10 Things You Should Know About Iran’s New President

Masoud Pezeshkian

by Team Zeteo: As tensions continue increase across the Middle East, and with Iran-U.S. relations at a low point, here are 10 things you should know about the Islamic Republic’s new president.

1. Pezeshkian was one of only six candidates approved to run for president by Iran’s Guardian Council, which supervises the country’s elections, and the only reformist candidate among them. In Friday’s run-off, he defeated conservative hardliner Saeed Jalili, 53.7% to 44.3%. (Eighty people had tried to run for president but almost all of them were blocked by the Council, including former Iranian president Mahmoud Ahmadinejad.)

2. While his late predecessor Raisi was a trained cleric, Pezeshkian is a medical doctor – a heart surgeon, in fact. His political career began when he was appointed deputy health minister (1997-2001) and then health minister (2001-2005) in the government of the last reformist Iranian president Mohammad Khatami. He went on to become a five-term member of Iran’s parliament and a deputy speaker.

3. The new president takes a more liberal line on the enforcement of the compulsory headscarf in Iran. “If we want to ‘force’ hijab in the country,” he has said, “I don’t think we will get anywhere.” After the death of Mahsa Amini in 2022, Pezeshkian wrote that it was “unacceptable in the Islamic Republic to arrest a girl for her hijab and then hand over her dead body to her family.”

4. Pezeshkian’s campaign slogan is “For Iran,” which is believed to be a not-so-subtle reference to the popular anthem supporting the 2022 Mahsa Amini protests called “Baraye”, or “For.” Shervin Hajipour, the Grammy Awarding-winning Iranian singer-songwriter behind “Baraye,” was sentenced to more than three years in prison in March for “propaganda against the system” and “encouraging people to protest.”

5. The new president says he wants better relations with the West and the United States, in particular, and seems to also want a return to the nuclear deal that Barack Obama signed, Donald Trump tore up, and Joe Biden has refused to resurrect. Pezeshkian even deployed former Iranian foreign minister Javad Zarif, one of the architects of the deal, as a surrogate on the campaign trail.

6. Pezeshkian, nevertheless, like most Iranian politicians, has a long history of denouncing the United States (aka “The Great Satan”). In 2019, when Iran shot down an American drone, Pezeshkian said “the real terrorist is America” and described the targeting of the drone as “a strong punch in the mouths of the leaders of criminal America.”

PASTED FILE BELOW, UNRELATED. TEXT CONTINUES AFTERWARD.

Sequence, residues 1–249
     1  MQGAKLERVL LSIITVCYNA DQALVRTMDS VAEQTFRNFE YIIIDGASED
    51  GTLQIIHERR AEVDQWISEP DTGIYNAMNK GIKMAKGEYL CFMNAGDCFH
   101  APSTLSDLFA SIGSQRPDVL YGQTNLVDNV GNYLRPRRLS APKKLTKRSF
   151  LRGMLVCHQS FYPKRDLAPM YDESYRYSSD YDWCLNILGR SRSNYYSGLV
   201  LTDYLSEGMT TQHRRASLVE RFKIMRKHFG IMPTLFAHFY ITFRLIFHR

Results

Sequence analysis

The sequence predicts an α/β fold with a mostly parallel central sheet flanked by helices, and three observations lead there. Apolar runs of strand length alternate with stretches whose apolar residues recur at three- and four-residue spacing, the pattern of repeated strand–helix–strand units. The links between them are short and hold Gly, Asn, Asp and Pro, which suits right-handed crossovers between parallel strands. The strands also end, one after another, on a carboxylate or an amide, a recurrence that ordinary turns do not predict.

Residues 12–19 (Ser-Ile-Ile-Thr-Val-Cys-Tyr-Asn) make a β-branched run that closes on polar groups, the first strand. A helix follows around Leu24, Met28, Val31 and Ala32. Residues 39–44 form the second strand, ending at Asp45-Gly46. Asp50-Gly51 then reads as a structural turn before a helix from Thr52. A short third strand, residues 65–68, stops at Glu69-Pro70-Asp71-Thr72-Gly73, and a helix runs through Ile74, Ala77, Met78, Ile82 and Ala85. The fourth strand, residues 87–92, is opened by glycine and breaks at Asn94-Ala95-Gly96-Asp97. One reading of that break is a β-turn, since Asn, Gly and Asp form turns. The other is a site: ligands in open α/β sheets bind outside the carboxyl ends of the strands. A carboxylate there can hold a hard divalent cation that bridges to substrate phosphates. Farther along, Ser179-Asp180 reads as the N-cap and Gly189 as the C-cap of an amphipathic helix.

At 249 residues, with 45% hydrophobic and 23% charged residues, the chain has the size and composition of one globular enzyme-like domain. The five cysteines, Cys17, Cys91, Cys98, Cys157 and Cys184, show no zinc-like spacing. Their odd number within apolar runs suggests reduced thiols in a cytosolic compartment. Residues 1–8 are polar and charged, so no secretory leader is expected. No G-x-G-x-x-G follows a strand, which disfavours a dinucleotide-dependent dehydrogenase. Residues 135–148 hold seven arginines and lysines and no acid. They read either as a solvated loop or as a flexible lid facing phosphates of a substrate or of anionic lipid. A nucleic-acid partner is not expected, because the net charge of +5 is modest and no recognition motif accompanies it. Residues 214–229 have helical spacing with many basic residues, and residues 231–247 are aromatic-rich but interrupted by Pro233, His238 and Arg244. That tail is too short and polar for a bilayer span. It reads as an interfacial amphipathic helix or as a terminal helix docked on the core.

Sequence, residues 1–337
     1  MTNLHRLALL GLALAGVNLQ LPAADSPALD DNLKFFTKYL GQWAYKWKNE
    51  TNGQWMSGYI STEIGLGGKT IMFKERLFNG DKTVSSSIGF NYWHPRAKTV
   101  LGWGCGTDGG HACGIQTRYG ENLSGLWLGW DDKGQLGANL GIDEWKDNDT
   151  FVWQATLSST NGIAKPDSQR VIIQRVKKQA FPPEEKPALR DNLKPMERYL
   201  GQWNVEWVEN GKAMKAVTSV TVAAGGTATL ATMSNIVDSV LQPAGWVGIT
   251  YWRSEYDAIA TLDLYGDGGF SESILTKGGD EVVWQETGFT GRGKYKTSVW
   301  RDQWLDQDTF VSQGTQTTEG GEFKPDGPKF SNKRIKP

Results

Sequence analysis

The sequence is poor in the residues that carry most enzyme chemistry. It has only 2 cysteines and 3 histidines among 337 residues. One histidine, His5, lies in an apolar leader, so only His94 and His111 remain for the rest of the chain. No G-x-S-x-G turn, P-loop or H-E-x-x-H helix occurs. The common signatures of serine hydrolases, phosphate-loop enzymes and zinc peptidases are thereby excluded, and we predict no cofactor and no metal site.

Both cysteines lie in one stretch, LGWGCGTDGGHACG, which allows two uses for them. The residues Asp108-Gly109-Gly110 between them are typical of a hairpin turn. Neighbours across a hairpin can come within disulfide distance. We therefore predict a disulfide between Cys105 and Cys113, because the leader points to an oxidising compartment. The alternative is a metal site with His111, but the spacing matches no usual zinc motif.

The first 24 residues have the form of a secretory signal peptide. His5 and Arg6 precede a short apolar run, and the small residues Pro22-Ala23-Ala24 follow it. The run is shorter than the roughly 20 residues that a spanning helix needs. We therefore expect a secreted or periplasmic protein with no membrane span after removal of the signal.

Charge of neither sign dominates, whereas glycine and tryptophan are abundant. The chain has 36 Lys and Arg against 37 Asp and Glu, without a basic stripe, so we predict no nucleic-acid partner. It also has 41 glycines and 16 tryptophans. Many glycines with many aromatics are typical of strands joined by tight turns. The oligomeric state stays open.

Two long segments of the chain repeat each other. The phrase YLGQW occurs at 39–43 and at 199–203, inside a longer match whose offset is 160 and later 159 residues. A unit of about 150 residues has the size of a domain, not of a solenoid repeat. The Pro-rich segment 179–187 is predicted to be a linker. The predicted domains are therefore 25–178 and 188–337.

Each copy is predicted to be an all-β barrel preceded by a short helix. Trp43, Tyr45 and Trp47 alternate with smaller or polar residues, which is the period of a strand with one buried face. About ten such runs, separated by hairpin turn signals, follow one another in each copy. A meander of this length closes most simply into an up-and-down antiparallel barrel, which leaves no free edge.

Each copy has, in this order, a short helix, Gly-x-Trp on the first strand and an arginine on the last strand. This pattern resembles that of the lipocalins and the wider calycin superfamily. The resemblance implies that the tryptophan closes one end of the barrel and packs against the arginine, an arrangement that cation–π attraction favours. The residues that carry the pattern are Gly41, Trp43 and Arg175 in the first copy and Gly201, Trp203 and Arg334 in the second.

7. Pezeshkian, a reformist, isn’t shy about defending the Islamic Revolutionary Guard Corps, or IRGC, which has huge power and influence inside of Iran (and was controversially designated a foreign terrorist organization by the Trump administration). The Iran-Iraq War veteran even once wore an IRGC military uniform in parliament as a show of support for the organization, which he says is “different” to what it was in the past.

8. Persians are the ethnic majority in Iran, but Pezeshkian is the son of an Azeri father and a Kurdish mother, and fluent in both Azeri and Kurdish. “I am not voting for Dr Pezeshkian because I am a Turk,” one Azeri voter told IranWire, “but because if he is elected, he will be the president of the oppressed and discriminated minority of this country.”

9. Like President Joe Biden, who lost his wife and young daughter in a car crash in 1972, the new Iranian president also lost his wife and young daughter in a car crash in 1994. Unlike Biden, however, Pezeshkian “never remarried and raised his remaining two sons and a daughter alone.”

10. Pezeshkian may have won his race thanks to a late surge in voter turnout. The first round of the election saw the lowest turnout in the history of the Islamic Republic, just 40%. But on Friday, in the run-off, it bumped up to around 50%. For some Iranians, reported the Washington Post, “refusing to vote is an act of opposition in a country that quells political protests with violent force.” Others have embraced political apathy because of the failure of multiple presidents from across the political spectrum to effect social or economic change.

Pezeshkian has acknowledged the challenge ahead. “I will do everything possible to look at those who were not seen by the powerful and whose voices are not heard,” he told supporters earlier this week.

But what does “everything possible” look like for an elected Iranian president inside of a political system where most of the power remains in the hands of an unelected Supreme Leader, Ayatullah Ali Khamenei? Can the Islamic Republic’s first reformist president for 19 years offer real hope or change to almost 90 million Iranians, more than half of whom are under the age of 30? That remains to be seen. And how will the United States respond to an Iranian leader who wants to mend ties with the West?

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